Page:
It was a great race to sort out and handicap. And I clearly loved 4 horses, led by Host (Chi). That beast had put a substantial amount of money in my purse last year and had always proved reliable. Would you care to guess the other three horses? Gulch Approval, Drum Major, and Old Dodge (Brz). And this is where frustration, futility and a self-imposed challenge lands directly on my lap and the opportunity is ignored altogether. I'm not a big fan of the 3 horse exact box. Don't ask me why. A $1 box of three horses is only $6. But there is something I just can't bring myself to do. Why can't I spend the extra $2? I prefer to wager $2 2 horse exacta box, or a wheel. So I piddled around with various combinations, and wheels, and everything else. But good ol' reliable Host was always in the mix. Ouch. The race finished 4-10-1 ... Gulch Approval, Old Dodge, and Drum Major. It was painful. Aaargh!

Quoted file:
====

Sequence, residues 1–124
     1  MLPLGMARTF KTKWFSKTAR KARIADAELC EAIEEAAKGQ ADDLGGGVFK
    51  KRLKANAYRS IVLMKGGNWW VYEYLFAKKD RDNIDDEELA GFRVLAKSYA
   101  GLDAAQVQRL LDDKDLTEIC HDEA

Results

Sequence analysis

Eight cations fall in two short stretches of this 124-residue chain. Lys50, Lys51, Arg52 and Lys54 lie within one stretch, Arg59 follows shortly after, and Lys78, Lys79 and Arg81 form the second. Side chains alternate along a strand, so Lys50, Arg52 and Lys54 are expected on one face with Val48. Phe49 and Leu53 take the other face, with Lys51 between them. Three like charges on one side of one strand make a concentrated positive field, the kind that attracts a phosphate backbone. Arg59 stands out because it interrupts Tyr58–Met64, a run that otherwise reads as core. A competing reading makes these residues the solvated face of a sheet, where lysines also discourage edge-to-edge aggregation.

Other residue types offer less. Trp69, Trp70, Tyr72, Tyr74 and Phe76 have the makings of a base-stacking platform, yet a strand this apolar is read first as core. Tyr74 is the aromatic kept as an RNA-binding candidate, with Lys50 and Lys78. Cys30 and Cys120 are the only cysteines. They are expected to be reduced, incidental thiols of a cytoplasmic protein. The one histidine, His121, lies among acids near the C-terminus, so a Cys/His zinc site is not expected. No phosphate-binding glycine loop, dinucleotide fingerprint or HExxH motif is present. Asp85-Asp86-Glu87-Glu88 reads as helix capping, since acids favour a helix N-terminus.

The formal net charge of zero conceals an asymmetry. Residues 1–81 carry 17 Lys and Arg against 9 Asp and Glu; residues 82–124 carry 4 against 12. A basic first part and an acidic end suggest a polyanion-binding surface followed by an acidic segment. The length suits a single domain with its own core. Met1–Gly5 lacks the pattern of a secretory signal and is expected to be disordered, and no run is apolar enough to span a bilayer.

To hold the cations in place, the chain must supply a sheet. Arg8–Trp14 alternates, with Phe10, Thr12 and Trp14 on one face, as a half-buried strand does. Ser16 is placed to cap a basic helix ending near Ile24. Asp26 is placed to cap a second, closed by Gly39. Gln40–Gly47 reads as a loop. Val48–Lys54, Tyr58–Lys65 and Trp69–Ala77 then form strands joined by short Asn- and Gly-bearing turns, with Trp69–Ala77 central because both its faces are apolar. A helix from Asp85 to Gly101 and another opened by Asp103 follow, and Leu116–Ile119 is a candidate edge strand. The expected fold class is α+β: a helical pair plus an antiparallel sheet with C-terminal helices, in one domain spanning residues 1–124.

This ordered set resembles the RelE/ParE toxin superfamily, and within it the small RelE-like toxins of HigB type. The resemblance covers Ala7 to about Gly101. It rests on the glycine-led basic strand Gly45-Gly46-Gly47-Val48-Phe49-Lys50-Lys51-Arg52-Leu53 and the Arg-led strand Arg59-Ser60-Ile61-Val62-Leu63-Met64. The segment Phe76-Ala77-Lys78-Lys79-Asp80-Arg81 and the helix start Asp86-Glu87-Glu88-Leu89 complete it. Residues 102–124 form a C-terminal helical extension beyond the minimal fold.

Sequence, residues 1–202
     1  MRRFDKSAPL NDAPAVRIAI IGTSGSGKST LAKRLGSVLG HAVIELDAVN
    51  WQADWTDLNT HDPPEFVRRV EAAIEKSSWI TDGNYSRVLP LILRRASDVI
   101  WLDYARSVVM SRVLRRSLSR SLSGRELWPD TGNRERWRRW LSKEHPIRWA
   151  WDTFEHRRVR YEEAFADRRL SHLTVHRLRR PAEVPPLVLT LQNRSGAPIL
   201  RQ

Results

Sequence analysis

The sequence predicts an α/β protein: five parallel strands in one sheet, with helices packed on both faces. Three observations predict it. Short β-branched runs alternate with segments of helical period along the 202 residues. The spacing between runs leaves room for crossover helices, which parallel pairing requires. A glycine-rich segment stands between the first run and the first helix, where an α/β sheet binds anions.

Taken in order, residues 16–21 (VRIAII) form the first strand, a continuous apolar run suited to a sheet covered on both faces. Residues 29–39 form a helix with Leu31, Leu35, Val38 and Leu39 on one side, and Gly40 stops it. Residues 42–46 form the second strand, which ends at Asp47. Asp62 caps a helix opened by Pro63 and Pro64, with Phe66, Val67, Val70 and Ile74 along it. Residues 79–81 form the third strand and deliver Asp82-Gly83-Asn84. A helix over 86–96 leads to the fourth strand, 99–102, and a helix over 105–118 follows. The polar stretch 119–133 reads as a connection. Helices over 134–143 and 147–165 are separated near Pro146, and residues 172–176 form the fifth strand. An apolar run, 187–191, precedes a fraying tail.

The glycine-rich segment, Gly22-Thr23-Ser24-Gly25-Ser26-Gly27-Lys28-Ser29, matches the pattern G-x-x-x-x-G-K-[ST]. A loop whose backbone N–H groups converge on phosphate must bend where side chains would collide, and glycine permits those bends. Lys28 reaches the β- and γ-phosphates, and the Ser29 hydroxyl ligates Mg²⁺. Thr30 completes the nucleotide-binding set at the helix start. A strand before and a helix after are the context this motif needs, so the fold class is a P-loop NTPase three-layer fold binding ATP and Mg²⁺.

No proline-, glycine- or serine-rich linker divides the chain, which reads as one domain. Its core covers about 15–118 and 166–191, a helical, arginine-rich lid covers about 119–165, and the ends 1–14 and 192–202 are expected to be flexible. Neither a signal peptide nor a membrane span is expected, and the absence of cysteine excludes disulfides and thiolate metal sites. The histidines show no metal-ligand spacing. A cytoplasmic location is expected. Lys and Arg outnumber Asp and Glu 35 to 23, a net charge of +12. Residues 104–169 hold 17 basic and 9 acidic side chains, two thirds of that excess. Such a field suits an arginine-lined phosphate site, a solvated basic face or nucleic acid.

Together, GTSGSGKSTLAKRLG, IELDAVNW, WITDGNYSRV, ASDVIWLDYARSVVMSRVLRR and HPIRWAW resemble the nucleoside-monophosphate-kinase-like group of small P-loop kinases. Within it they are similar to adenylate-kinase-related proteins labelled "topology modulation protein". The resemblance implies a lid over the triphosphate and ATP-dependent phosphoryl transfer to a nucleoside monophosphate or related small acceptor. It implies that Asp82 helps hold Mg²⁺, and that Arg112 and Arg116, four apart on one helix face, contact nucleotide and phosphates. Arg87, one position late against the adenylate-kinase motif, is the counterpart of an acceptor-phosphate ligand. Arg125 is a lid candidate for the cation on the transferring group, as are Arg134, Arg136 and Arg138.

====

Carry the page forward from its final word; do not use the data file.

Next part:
However, there were a couple of other notable races that ran as expected but were not profitable. Achilles of Troy won the Whirlaway in Aqueduct. The competition seemed a little light. According to quotes from trainer Jennifer Pederson, Achilles of Troy is off to Florida and may show up in the Fountain of Youth. Which will be handy, because I will be there too. Maybe I will take it upon myself and have a little girl chat with Ms. Pederson. I don't know what that means, but it sounded good when I wrote it. That reminds me of the story of my friend, Suzanne. She met Celine Deion in Las Vegas and the only thing that Suzanne could think of saying was, "I saw you on Oprah!" I wonder if Jennifer Pederson has been on Oprah? Come to think of it, I'm not sure if Oprah even likes horse racing, which would be a little disappointing since she resides in Chicago and could go out to Arlington Park.

Sunday, February 05, 2006

Scribble Pad Review